Your lack of reaction creates exactly the opposite. When you remain in complete control (including facial expressions and all nonverbal body language) you throw them completely off their game. They are counting on your reaction. They crave it at that moment. They want to hurt you. If you can be mature and strong enough to remain unaltered by their attack, it is daunting to them. They will come back with worse. Trying harder to break through your force field. You must remain in complete control. See them for the angry, petulant, ignorant being that they are at that moment and just suck it up. Know in your deepest of hearts that by depriving them of their desired response, you are the one who is complete control. And leave as soon as you may. Don’t stick around for more abuse. Just leave.
When I find myself in these kinds of problems, I know that my flinch must be silence. I feel deep rage within, and keeping quiet is very difficult. So in that gap, I recognize how low level vibrational frequency that human being is operating on, and make it a point to see them for the weak person that they have revealed themselves to be. I instantly gag my inner child who is more than ready to reduce me down to their level and think to myself, “are you finished?” If it is an instant burst from another party, perhaps my not reacting will give them time to realize that they dropped to a level that I will not meet them on. In those circumstances, perhaps the discussion will improve from there and a win/win may still be attainable. If the attack from their side continues, then it is time to just walk away. Allow the other party to cool down, or in some cases, never encounter them again.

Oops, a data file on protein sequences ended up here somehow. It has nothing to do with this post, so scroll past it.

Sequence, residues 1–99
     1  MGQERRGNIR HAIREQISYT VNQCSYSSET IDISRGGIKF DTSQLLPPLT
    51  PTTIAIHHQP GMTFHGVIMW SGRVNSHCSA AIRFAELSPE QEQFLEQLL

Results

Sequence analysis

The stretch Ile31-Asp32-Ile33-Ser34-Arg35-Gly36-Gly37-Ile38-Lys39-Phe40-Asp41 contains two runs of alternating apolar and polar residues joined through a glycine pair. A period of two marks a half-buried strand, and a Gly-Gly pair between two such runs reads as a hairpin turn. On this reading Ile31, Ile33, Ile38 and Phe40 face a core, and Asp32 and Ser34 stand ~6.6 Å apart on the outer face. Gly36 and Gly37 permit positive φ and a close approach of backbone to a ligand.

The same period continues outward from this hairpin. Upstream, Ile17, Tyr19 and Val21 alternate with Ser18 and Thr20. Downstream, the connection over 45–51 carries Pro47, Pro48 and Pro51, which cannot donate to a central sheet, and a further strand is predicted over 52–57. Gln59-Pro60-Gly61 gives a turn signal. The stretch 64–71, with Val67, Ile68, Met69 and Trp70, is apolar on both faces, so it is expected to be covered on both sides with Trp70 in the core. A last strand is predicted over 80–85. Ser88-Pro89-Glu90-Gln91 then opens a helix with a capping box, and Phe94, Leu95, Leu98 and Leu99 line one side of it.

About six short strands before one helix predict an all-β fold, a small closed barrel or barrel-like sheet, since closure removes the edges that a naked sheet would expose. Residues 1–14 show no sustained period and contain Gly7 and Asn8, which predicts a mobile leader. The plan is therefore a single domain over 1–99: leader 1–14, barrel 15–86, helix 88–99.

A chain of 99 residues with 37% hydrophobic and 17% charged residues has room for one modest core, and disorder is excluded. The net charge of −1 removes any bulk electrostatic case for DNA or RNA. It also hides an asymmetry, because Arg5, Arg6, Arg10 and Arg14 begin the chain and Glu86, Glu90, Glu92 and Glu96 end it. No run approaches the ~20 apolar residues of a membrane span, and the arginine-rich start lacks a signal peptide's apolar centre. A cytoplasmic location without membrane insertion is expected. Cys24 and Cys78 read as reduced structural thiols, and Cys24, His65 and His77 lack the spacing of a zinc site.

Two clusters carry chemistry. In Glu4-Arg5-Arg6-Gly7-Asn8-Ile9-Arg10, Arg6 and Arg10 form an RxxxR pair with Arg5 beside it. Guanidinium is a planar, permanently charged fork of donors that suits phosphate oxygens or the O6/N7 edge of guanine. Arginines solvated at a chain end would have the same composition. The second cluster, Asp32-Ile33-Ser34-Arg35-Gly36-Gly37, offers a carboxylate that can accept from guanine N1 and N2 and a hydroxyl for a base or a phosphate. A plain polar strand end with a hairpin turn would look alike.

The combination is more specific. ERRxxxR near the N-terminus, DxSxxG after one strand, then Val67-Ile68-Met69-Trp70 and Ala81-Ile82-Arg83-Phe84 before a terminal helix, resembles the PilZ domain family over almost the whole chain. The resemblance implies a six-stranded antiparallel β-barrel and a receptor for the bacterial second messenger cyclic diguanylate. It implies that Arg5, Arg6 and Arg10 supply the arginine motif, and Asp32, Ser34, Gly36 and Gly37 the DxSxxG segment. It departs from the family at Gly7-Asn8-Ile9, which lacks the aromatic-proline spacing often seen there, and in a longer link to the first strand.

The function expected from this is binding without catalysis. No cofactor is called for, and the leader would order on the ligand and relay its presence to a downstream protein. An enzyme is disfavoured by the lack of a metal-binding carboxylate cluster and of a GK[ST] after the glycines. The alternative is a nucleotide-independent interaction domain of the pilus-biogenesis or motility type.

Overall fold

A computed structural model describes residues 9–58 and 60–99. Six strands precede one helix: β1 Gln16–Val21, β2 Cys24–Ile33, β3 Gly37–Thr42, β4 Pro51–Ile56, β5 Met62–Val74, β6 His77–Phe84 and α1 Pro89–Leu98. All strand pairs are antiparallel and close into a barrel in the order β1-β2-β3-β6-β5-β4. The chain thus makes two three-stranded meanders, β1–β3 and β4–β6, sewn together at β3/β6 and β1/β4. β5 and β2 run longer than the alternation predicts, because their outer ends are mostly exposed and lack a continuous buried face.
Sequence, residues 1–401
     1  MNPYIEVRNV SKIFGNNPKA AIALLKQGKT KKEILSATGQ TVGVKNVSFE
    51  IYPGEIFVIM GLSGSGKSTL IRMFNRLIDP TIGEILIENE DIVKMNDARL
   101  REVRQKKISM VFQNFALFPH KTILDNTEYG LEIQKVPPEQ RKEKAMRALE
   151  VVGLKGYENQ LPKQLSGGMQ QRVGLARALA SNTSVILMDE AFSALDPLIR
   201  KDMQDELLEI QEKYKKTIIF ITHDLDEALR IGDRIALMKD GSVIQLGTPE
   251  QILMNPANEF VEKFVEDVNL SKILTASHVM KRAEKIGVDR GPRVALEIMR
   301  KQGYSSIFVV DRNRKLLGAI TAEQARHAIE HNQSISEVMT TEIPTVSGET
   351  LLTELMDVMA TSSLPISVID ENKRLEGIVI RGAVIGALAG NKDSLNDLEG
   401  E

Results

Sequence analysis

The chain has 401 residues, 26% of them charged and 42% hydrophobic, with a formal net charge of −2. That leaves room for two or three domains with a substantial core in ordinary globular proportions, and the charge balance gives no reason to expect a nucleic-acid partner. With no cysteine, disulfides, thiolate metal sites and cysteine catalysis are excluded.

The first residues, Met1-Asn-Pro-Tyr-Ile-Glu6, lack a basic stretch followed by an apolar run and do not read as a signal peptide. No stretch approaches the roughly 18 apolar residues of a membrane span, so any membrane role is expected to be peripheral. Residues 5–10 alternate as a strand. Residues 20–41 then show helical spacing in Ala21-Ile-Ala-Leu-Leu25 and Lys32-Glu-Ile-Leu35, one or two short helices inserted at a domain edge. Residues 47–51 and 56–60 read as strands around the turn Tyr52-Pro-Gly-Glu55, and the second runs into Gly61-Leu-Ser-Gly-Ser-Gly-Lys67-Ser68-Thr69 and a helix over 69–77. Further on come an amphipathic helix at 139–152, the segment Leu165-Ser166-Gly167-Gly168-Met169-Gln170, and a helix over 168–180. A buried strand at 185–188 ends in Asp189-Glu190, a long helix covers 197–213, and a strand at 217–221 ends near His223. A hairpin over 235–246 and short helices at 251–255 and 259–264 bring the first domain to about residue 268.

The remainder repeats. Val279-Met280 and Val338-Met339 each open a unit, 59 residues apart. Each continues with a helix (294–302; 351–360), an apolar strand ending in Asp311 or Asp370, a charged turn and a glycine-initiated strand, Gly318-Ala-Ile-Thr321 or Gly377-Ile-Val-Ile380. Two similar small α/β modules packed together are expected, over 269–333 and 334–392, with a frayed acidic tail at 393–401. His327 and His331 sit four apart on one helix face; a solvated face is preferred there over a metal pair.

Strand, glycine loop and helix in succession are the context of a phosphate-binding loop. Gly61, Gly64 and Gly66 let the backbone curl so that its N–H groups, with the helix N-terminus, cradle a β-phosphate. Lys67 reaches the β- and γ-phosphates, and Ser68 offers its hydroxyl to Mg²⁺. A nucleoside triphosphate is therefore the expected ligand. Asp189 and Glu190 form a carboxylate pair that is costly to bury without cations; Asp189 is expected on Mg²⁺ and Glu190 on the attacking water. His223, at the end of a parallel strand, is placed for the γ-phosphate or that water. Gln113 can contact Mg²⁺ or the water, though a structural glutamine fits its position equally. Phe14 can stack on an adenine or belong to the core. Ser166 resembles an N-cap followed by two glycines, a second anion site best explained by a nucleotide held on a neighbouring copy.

In these moments, you do not feel like you have prevailed. We are conditioned to believe that leaving is
“running away.” But this is far from the truth. Sometimes walking away without reaction is the huge win. You do not get to see it. You do not get a sense of triumph. You do not get to see the merciless pain you put that miserable son of a bitch through.
You only get to know that you have left them bewildered. They wanted desperately to get your reaction. To feed off of it. To see you come down to their level so they can hurt you in numerous ways.
And you robbed them of their joy and left their attack unanswered.
This is very high level work. It is neither easy, nor pleasant, nor joyous. But if you can find this discipline in your being, you rise to levels you have yet to experience and you remain (by far) the better person.
It is one thing to talk the talk and far more difficult to walk the walk. The next time you feel affronted by another, try your hardest to not react at all. There is always time at a later moment to react if a reaction is truly necessary. But in the moment, find the courage to just go straight-faced and stand tall.
You will be surprised as you reflect upon the moment under calmer circumstances how much better you feel for not having reacted at all.